JPY: USD/JPY on course towards 105

The USD/JPY has already broken above our 104 target – a clear indication of the greenback’s recent strengthening. However, the looming US presidential election, coupled with the Q3 reporting season, make it unlikely that the USD/JPY will break out above 105 in the coming weeks.

CAD: USD/CAD heading for 1.33

We expect the Canadian dollar to remain downbeat until the Organisation of the Petroleum Exporting Countries (OPEC) meets on 30 November. It is expected that OPEC will ratify the tentative agreement to reduce its production to 32.5 barrels per day (b/d).

The results of the US presidential election could also impact the performance of the Canadian dollar. Donald Trump’s desire to scrap the North American Free Trade Agreement (NAFTA) would damage an already frail Canadian economy, bearing in mind 2016Q2’s weak GDP figures.

In this respect, the upcoming Bank of Canada (BoC) meeting will be watched closely by the market. It is likely the Governor’s statement will be dovish, allowing the USD/CAD to temporarily recover towards 1.33.

NZD: NZD/ USD on course towards 0.70

In the short-term, the NZD/USD is on course towards 0.70. As 2016Q3 inflation is expected to be weak at 0.1% year-on-year (YoY), the market may expect the Reserve Bank of New Zealand (RBNZ) to cut interest rates. This will, however, weigh heavily on the New Zealand dollar’s performance given the dilemma that the central bank now faces. While it has preferred a dovish stance recently, the low interest rate environment is fuelling a property bubble that will need to be addressed.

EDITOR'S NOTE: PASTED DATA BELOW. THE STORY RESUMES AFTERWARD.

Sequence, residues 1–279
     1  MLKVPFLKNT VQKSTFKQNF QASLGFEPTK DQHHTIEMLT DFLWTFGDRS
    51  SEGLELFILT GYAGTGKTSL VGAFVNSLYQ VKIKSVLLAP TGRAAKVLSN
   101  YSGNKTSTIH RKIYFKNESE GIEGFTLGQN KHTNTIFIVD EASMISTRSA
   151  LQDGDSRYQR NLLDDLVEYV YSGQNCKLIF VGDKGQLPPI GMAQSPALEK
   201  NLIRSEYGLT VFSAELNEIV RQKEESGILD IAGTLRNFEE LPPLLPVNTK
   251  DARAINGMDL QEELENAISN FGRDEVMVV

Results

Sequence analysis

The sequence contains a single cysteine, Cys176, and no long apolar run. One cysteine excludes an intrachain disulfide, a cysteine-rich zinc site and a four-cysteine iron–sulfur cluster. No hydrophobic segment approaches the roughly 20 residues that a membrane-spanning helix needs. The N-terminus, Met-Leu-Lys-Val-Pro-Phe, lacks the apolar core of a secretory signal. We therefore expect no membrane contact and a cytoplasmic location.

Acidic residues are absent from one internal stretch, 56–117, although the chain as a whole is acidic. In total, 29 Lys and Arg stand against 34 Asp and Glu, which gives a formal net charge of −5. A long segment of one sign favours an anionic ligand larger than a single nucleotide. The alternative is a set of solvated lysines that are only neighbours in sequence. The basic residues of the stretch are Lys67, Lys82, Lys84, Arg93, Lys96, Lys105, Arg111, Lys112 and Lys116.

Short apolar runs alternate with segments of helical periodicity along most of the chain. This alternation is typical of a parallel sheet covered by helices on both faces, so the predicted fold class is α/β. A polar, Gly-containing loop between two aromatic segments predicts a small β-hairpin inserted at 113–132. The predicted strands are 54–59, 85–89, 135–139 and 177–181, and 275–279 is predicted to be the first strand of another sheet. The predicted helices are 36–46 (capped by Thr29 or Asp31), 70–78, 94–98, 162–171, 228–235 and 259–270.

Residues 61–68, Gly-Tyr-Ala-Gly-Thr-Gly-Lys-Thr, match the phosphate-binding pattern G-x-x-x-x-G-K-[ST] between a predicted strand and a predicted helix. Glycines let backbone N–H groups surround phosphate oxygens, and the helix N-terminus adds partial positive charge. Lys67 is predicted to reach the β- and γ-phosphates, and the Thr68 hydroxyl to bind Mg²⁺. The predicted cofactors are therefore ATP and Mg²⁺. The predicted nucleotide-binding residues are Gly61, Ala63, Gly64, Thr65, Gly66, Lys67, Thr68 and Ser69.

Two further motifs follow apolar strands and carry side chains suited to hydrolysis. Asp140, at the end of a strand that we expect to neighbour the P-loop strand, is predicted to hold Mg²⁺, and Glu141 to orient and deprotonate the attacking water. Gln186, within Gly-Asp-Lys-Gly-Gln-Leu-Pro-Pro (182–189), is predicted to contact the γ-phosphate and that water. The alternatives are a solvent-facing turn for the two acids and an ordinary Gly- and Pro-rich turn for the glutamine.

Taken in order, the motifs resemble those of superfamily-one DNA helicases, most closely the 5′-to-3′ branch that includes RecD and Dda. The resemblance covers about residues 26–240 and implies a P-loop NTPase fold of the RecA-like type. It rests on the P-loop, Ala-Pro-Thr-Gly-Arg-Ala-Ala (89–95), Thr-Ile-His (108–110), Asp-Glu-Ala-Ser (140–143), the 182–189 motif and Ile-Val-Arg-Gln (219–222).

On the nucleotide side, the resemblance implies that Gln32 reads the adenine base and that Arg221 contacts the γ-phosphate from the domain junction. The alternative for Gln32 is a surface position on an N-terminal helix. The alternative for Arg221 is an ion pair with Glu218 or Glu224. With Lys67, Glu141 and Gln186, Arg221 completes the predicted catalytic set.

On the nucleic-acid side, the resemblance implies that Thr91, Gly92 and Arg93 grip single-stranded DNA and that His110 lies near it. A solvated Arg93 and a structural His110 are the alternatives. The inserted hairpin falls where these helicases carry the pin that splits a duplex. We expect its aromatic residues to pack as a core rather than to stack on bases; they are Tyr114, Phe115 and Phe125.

In the mid-to-long term, the NZD/USD is likely to pass below 0.70. If the Fed raises Fed Fund rates in December, this is likely to strengthen the greenback against its New Zealand counterpart. In our view, the RBNZ is waiting on the Fed to move before making any decisions.

SEK: EUR/SEK heading towards 9.80

The Swedish krona corrected sharply last week. The EUR/SEK stands at 9.71, above the 9.20-9.60 range within which it had been trading since 2014. The krona’s slide was in reaction to the weaker-than-expected inflation figures for September of 0.9% YoY (when the consensus was for 1.2%).

Given both currencies usually behave similarly, the pound’s slide is punishing the krona. As the UK lean towards a hard Brexit, the krona’s slide has been accentuated. Under these conditions we predict the EUR/SEK will test 9.80 in the coming weeks.

ZAR, THD and CNY all put under pressure

Both the South African Rand and the Thai Baht have recovered quickly from politically-driven falls in their value, as investors seek higher yields.

Nevertheless, with the US dollar set to strengthen, it is likely that both the USD/AR and the USD/THD will appreciate. Meanwhile, the US dollar’s ascent has also caused the USD/CNY to rise towards 6.73. In the coming months, we expect the pair to extend its rise towards 6.80.